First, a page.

In an endeavour to better understand part-of-speech tag in Swahili, after reading Peter W. Wagacha, Guy De Pauw 1, and Gilles-Maurice de Schryvers Data-Driven Part-of-Speech Tagging of Kiswahili paper. Intrigued by the recommendation to look at the morphological analysis when creating part of speech tags in Swahili led me to the annotated Helsinki Corpus of Swahili. The enthusiasm I had vanished when I learned the data was restricted.
According to the Helsinki Corpus of Swahili, there are two ways of accessing the data; One, I had to have an academic status in an institute belonging to the Haka or eduGAIN federation in which most African Universities were not members state. Two, I had to apply for personal access rights which required me to have an email linked to a University; unfortunately, I did not fit the above criteria due to my graduate status and being an independent researcher.
Further data searching, I came across Kencorpus, A Kenyan Language Corpus of Swahili, Dholuo, and Luhya for Natural Language Processing tasks. My interest was the part-of-speech tag. Though they did not touch much on the part-of-speech tag in Swahili, they referenced an existing work done by the Helsinki Corpus of Swahili. I commend and appreciate the part-of-speech tagging done on Dholuo and Luhya; their contribution to such languages will spearhead research in other Kenyan local languages. A more desirable solution is needed to address the lack of tools to do part-of-speech tags in Swahili, which are open source and available to anyone across the globe.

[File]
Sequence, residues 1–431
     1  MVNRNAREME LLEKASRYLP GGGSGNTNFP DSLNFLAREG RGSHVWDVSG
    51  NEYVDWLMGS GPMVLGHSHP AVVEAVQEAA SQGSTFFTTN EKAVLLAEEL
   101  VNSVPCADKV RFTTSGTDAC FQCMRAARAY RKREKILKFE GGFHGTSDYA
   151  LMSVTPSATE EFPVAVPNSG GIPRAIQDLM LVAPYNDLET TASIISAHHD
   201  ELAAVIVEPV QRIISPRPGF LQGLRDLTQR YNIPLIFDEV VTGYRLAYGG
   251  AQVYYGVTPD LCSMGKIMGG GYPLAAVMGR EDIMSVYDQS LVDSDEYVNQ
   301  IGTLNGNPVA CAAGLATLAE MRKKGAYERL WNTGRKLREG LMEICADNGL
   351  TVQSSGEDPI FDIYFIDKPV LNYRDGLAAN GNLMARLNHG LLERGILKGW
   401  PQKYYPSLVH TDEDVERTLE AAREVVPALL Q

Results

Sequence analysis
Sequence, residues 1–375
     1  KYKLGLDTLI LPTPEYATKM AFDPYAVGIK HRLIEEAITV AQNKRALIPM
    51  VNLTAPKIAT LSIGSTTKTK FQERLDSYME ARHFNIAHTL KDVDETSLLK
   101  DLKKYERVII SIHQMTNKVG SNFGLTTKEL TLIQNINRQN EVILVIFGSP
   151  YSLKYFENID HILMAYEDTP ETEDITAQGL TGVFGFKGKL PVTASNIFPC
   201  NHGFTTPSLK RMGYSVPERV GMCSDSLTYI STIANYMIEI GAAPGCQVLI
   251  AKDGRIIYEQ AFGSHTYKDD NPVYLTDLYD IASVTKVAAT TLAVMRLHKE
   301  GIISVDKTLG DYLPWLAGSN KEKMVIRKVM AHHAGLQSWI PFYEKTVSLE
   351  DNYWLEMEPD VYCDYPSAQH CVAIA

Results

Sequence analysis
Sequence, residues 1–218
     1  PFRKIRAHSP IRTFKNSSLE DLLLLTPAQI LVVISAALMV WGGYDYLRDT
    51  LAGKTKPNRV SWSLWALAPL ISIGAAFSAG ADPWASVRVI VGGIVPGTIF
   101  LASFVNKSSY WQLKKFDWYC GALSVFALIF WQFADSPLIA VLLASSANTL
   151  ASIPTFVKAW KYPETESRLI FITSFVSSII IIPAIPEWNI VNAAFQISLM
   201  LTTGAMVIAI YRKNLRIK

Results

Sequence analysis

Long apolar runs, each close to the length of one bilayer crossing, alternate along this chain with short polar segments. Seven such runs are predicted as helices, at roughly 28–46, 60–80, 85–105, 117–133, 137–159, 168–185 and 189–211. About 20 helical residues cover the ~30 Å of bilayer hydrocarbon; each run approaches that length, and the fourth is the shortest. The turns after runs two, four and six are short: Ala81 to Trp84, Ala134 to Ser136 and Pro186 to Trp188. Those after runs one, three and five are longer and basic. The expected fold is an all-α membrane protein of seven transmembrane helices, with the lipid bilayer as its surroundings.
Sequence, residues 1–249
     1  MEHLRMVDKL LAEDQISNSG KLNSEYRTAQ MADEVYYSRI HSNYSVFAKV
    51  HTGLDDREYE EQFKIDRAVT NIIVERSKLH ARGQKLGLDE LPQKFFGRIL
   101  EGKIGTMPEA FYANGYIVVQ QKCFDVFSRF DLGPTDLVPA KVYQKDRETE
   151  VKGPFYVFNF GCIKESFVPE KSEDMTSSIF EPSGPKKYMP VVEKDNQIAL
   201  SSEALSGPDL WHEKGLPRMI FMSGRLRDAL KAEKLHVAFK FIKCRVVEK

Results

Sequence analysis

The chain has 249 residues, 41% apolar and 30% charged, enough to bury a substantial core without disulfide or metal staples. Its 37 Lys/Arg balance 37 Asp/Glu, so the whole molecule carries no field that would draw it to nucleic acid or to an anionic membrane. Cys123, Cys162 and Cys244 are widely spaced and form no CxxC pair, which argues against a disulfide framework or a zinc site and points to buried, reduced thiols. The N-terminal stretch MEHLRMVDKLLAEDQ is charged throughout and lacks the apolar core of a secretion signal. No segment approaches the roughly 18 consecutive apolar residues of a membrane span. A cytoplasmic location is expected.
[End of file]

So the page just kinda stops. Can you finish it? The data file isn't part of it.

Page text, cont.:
Out of curiosity by the success of GPT4 and its design architecture on large language models. I tried sourcing Swahili datasets created for language models. Datasets such as the cc100-Swahili Dataset created by Conneau & Wenzek et al. in 2020 and Shivachi Casper Shikal & Mokhosi Refuoe show a promising start. When compared to languages such as English, the data is less and limited. Due to data inadequacy, Swahili become a low-resource language.
It got me thinking about why there are fewer publicly available datasets, yet Swahili has more than 200 million speakers. According to Piedmont Global Language Solutions, countries such as the USA has more than 90,000 Swahili speakers, which will continue to grow in the coming years. Last year, UNESCO declared the 7th of July each year as World Kiswahili Language Day, becoming the first African language to have such status. There is a need to create awareness of the importance of Swahili as a language of interest in Africa.
There are a dozen Swahili data in East Africa. The print media contains records of Swahili news articles and conversations. So there is a need for our government, university, and research institution to come up with better strategies and policies that support data collection processes and research. We cannot jump into the iceberg trying to solve the issue of local languages when we have not succeeded in conquering Swahili in tech space.